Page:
#134: Blade Runner (1982)

When and how did I watch this?

May 19th and 20th, 2016, on a random site.

Had I seen this film already?

Nope.

What did I know about the movie before watching it?

This one was hyped up among friends.  I had high expectations walking into it.  I knew it was sci-fi, Ridley Scott, and starred Harrison Ford.  Not much else here.

What do I know about it now?

Initially, I was underwhelmed.  While the visuals and sound enraptured me almost immediately (I can still feel the moist air and feel the cold shadow of the towering buildings now), I was never really caught up into the story. I guess this wasn’t a priority in terms of production — the atmosphere did a lot more than the plot line ever could have — but I wanted more. Where did Deckard come from? Why are Rachel and Deckard having a random romantic relationship so quickly? (I can surmise, but that’s the best I can do). I wish I knew more about Sebastian as well.  There’s a lot of “empty space” in the film, which has a dual effect: it leaves out “imperative” info, but it also makes you kind of marinate in where you are.  This happened numerous times, and it had the intended effect. The final twenty minutes or so is where the meat of the movie is, where everything comes together.  Everything is tense, occasionally fast, and ultimately profound.  What does it mean to live? While our subjective world defines that by the individual’s personal perspective, there is one purpose for being alive, and that is simply to experience it while you still can.  Solomon in the book of Ecclesiastes echoes this sentiment.

What are some themes in the film?

Pleasure and pain, destiny, existentialism, dystopia, revenge

Did this affect me personally?

Yes.  Numerous images will remain. One in particular that repeated was a fly-by view of the side of a building featuring a huge looping video ad of an Asian woman. She would place a pill in her mouth, and then glance at you with a subtle smile as if expressing her satisfaction, but also as if keeping her eyes on your activity (see Big Brother in 1984 or the eyes of Dr. T.J. Eckleburg in The Great Gatsby).  Poignant and haunting.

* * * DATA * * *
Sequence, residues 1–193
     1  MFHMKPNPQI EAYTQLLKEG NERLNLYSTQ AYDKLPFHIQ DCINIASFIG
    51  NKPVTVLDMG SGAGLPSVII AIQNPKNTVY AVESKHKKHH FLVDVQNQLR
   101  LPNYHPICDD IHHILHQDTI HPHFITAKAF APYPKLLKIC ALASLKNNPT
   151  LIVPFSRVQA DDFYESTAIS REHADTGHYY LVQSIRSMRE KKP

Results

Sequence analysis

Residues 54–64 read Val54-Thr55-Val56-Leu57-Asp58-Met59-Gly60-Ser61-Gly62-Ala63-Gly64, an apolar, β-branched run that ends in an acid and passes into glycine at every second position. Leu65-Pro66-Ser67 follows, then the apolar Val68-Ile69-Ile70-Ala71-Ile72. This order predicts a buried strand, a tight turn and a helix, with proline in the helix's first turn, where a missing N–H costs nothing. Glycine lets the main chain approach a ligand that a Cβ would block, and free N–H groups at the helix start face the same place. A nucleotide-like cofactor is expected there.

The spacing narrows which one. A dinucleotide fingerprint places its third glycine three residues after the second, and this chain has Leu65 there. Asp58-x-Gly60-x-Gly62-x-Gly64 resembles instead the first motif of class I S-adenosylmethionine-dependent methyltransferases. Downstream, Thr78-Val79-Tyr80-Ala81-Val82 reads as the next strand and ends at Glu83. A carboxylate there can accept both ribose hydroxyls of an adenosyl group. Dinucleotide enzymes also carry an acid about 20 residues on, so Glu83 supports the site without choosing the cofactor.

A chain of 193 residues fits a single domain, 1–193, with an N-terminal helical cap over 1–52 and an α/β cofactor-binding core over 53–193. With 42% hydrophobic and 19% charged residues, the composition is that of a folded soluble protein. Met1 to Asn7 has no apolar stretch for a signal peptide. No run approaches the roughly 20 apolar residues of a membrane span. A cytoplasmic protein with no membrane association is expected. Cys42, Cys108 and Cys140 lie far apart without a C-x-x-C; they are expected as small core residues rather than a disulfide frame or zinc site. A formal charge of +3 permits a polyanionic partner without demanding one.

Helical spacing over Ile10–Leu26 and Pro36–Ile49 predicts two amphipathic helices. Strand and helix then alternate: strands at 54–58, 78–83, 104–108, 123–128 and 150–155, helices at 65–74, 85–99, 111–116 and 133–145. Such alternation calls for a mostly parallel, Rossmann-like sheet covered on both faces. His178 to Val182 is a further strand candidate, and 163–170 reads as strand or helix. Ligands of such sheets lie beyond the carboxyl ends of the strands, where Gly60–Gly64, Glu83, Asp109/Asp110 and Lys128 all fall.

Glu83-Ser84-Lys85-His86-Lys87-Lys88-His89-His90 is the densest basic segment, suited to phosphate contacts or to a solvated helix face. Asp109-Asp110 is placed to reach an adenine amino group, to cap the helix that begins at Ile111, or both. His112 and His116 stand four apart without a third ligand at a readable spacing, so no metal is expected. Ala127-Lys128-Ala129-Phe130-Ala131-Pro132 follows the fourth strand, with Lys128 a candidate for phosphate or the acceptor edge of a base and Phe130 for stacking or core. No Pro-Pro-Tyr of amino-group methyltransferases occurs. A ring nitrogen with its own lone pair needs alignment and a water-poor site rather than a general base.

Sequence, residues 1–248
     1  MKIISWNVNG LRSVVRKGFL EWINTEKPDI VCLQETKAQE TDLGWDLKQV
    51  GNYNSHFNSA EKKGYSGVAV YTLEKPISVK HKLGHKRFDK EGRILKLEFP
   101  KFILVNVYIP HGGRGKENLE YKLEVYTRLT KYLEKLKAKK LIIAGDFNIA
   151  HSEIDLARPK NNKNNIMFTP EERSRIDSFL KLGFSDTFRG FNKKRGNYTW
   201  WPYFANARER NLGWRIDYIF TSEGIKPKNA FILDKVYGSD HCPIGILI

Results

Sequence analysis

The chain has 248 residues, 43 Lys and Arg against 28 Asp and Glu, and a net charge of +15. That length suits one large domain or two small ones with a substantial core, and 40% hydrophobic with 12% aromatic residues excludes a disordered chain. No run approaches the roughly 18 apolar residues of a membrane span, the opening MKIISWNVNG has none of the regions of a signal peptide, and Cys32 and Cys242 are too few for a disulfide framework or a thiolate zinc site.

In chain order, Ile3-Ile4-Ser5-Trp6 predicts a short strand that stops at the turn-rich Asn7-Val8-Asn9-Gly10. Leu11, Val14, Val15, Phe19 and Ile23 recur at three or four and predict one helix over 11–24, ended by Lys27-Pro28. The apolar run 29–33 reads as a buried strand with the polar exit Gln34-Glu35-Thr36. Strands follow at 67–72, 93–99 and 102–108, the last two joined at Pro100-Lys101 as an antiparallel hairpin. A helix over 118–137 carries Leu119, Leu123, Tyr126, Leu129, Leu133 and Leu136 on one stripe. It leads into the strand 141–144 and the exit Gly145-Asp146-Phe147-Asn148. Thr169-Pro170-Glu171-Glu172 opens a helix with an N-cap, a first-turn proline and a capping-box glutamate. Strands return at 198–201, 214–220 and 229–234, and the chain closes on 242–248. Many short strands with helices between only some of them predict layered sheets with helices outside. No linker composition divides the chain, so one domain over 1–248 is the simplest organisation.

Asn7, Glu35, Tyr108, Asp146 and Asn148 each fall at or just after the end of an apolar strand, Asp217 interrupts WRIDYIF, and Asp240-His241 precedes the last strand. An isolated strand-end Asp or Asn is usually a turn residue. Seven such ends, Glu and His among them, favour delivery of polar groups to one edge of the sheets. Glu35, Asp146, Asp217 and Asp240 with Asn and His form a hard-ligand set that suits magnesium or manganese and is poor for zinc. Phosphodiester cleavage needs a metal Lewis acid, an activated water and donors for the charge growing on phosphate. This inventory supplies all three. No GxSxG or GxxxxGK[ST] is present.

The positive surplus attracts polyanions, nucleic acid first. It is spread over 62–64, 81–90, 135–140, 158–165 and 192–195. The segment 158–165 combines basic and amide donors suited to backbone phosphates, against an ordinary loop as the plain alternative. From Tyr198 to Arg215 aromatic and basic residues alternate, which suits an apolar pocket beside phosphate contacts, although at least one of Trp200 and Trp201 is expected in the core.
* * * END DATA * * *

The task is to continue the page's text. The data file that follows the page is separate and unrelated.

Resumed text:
Why is this ranked #134?

Viewers might recognize some of its innovative sci-fi traits.  I don’t know how many precedents there are to a film like this (Star Wars immediately comes to mind, but it might not be comparable), but it certainly does its best with the available technology and resources.  Certainly it’s not the first to present a story about a dystopian society, but it might be one of the first movies to give it a proper treatment. This is respectable and encourages high ratings.

Did my wife watch/like it?

She only caught glimpses.  It was a bit much for her, as it might be for people that can’t handle high tension and stylized violence.

Would I watch it again?

I would love to see it in a better media format.  The video quality I saw it in was somewhat poor.

Would I recommend it to a friend?

Yes. I would guess many friends have seen this, but those who haven’t and enjoy this particular genre will probably find it to be one of their favorites pretty quickly.

Does it deserve to be on this list as one of the greatest films of all time?

At first, I had trouble assessing it as such, but much of what the film is trying to communicate requires some introspection and a lot of appreciation for the visual aspect (not to underplay the sound and superb acting). Much like a high intensity quality metal song, one might find the “noise” grating and some of the content could generate uneasiness, but there is a firm appreciation for the art in the end, especially because it creates the intended effect. It’s difficult to do this in any film without appearing pretentious or too forceful in the approach. Blade Runner succeeds in avoiding this while adding some very profound moments in the end, many of which I said “Wow” aloud while they unfolded.

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